Watch: Arthur Mitchell & DTH on "Mister Rogers Neighborhood" (1987)
The late pioneering dancer Arthur Mitchell was an icon in the dance world—as well as a touchstone in popular culture. Not only did he break boundaries at New York City Ballet, where he performed under Balanchine as a black male principal, but he also went on to co-found Dance Theatre of Harlem. But his international acclaim wasn't limited to the stage: Mitchell and DTH were featured in a special 1987 episode of "Mister Rogers Neighborhood," bringing ballet into living rooms across America.
Luckily, we were able to dig up the footage. Fast-forward to about 3:15 for the start of Mitchell's segment, which includes company rehearsal and classroom visits to two levels of students in DTH's school.The whole 12 minutes is worth the watch, but don't miss these moments:
- Mitchell's pearl of wisdom as he explains the importance of technique class to Mister Rogers: "It's like a pianist must do the scales, everyday. You must practice these exercises everyday."
- Mister Rogers giving ballet a go. Is there anything he won't try? (P.S. His fifth position doesn't disappoint!)
- In DTH's library, Mister Rogers asks if Mitchell was always interested in dance and music. "More or less," he says, before casually explaining that he was admitted to kindergarten at age 3 because he was so passionate about learning.
- The seriously impressive young children rehearsing for their end-of-year recital.
If PBS has the stats, we're dying to know how much ballet enrollment increased after this episode aired. Regardless, Mitchell's mark on the dance world is indelible, and we love how this moment in time was preserved.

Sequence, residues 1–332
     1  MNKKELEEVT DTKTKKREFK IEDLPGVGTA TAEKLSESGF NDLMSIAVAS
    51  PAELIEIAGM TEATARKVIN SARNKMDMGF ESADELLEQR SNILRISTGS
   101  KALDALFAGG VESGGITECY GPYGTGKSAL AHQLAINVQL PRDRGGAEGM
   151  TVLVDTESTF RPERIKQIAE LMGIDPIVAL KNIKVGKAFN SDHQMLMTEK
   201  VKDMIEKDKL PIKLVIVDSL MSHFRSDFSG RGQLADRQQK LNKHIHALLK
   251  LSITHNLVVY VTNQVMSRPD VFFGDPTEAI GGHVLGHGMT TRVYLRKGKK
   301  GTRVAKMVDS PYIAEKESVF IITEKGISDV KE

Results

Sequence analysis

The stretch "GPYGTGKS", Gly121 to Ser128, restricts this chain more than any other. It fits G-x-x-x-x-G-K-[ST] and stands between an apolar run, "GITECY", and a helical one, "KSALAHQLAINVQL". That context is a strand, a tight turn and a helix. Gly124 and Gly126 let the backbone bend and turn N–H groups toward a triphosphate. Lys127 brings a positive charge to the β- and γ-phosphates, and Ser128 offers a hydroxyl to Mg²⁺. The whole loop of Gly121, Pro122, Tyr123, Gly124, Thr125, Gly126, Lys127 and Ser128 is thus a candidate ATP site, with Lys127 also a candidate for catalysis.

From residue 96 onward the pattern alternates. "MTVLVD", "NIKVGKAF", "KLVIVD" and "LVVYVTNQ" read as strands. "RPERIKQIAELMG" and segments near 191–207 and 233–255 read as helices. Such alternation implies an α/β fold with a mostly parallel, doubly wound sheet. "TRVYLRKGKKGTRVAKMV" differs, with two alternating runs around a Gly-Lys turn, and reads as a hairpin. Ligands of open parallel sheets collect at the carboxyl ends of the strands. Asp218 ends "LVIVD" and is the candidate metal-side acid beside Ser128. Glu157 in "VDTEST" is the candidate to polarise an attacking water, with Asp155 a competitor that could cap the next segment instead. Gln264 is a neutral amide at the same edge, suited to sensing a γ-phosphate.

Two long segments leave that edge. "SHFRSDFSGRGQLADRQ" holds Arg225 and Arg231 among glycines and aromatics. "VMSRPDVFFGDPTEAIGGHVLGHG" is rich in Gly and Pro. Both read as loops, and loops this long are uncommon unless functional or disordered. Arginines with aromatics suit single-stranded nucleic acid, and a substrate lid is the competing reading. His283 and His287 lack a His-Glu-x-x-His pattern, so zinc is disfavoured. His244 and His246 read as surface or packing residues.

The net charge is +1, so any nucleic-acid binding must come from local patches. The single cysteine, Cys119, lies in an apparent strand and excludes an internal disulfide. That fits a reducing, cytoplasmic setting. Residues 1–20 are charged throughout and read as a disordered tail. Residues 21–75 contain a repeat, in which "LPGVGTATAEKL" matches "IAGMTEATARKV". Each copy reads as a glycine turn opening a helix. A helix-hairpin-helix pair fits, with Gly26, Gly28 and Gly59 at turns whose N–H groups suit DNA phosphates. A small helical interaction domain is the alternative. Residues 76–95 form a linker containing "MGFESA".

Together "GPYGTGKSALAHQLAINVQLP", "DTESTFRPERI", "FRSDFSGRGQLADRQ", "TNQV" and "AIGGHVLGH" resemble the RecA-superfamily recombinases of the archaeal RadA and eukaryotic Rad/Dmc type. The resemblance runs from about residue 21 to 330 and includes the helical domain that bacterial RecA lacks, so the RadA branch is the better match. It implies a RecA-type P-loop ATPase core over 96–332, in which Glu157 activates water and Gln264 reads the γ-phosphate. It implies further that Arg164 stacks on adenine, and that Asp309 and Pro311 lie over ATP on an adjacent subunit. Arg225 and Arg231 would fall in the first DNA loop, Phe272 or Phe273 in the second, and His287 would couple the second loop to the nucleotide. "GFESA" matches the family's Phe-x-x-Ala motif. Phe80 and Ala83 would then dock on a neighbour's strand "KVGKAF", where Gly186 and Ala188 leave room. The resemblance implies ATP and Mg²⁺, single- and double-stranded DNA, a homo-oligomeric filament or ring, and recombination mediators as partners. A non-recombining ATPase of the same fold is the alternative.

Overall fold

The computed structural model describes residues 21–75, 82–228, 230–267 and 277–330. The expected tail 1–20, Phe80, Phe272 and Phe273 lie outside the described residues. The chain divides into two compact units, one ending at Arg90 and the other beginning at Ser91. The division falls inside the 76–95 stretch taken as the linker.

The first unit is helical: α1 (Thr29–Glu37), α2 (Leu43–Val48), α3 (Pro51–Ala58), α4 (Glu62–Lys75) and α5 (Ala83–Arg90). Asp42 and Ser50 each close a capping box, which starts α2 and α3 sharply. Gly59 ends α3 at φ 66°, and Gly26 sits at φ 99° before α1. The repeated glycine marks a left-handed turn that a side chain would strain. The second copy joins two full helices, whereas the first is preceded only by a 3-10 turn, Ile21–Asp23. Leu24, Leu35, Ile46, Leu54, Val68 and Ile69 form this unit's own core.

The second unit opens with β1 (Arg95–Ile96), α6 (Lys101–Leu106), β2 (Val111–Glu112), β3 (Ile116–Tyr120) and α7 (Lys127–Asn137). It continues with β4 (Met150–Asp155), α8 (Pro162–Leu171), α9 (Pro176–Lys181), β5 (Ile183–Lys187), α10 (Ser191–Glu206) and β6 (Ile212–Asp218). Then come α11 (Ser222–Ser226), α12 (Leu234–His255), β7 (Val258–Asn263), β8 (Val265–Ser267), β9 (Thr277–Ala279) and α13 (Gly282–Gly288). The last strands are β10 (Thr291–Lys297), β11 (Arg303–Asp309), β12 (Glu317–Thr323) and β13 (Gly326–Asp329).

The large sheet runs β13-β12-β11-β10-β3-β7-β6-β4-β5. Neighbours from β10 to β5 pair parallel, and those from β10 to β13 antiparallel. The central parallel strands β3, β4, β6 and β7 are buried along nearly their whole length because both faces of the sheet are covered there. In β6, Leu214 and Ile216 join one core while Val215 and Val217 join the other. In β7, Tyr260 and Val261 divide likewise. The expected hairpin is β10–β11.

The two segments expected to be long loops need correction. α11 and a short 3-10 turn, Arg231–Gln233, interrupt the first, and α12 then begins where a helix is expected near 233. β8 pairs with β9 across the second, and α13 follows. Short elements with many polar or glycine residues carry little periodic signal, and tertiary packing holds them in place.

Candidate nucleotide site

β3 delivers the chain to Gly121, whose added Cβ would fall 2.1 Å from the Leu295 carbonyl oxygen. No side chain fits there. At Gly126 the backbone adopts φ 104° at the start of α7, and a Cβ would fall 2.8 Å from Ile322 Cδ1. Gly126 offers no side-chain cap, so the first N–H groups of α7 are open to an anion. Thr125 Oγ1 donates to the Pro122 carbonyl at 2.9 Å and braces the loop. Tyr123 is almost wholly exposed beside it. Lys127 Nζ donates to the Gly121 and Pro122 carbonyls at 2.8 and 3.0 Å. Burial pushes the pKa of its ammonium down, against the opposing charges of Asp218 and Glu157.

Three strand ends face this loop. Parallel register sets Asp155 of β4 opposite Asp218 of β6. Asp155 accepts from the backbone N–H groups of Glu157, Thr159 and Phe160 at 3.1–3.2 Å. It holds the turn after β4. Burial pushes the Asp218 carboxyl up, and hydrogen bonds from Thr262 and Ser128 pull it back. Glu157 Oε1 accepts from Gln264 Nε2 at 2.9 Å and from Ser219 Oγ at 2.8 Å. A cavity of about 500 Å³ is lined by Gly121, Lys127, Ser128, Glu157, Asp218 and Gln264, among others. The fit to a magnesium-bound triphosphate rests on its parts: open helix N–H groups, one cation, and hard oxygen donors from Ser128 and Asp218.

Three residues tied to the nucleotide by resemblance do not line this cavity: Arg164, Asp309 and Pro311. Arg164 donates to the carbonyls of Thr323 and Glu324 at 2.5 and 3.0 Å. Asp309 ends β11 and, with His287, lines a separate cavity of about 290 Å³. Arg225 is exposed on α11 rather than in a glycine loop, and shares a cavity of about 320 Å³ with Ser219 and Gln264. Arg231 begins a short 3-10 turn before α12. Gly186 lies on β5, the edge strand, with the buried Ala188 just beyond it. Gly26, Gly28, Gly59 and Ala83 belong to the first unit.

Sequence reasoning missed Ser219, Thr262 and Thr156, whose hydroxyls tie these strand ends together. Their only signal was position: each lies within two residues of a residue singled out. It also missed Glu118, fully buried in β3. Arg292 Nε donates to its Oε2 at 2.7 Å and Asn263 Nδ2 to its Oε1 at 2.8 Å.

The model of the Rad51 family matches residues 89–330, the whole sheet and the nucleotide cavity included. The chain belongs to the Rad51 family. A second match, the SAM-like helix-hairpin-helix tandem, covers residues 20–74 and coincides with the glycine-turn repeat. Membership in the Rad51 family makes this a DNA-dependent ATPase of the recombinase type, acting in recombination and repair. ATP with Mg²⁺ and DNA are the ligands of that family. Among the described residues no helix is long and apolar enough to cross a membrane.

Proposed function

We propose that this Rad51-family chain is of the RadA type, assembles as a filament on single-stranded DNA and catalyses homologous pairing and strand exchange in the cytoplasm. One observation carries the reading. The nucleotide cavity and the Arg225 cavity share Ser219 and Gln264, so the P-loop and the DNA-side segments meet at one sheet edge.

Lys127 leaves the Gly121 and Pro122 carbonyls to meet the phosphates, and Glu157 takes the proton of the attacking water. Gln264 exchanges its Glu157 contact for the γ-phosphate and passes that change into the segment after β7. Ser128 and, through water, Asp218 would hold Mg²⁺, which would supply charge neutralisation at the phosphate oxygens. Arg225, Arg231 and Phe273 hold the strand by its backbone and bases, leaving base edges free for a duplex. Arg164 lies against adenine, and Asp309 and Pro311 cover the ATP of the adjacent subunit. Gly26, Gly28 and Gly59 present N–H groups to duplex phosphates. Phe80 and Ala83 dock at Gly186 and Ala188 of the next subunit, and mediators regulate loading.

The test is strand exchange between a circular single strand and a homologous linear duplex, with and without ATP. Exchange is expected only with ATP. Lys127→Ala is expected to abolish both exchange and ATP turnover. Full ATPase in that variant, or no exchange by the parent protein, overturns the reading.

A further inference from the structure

As you're prepping your Thanksgiving meal, why not throw in a dash of dance?
This year's Macy's Thanksgiving Day Parade is stuffed (pun intended) with performances from four stellar Broadway shows, the Radio City Rockettes and students from three New York City dance institutions.
Tune in to NBC November 28 from 9 am to noon (in all time zones), or catch the rebroadcast at 2 pm (also in all time zones). Here's what's in store:
Back in 2011 when Joe Lanteri first approached Katie Langan, chair of Marymount Manhattan College's dance department, about getting involved with New York City Dance Alliance, she was skeptical about the convention/competition world.
"But I was pleasantly surprised by the enormity of talent that was there," she says. "His goal was to start scholarship opportunities, and I said okay, I'm in."
Today, it's fair to say that Lanteri has far surpassed his goal of creating scholarship opportunities. But NYCDA has done so much more, bridging the gap between the convention world and the professional world by forging a wealth of partnerships with dance institutions from Marymount to The Ailey School to Complexions Contemporary Ballet and many more. There's a reason these companies and schools—some of whom otherwise may not see themselves as aligned with the convention/competition world—keep deepening their relationships with NYCDA.
Now, college scholarships are just one of many ways NYCDA has gone beyond the typical weekend-long convention experience and created life-changing opportunities for students. We rounded up some of the most notable ones:
Last week, Variety reported that Sergei Polunin would reunite with the team behind Dancer for another documentary. "Where 'Dancer' looked at his whole life, family and influences," director Steven Cantor said, " 'Satori' will focus more squarely on his creative process as performer and, for the first time ever, choreographer." The title references a poorly received evening of work by the same name first presented by Polunin in 2017. (It recently toured to Moscow and St. Petersburg.)
I cannot be the only person wondering why we should care.
"The show must go on" may be a platitude we use to get through everything from costume malfunctions to stormy moods. But when it came to overcoming a literal hurricane, Houston Ballet was buoyed by this mantra to go from devastated to dancing in a matter of weeks—with the help of Harlequin Floors, Houston Ballet's longstanding partner who sprang into action to build new floors in record time.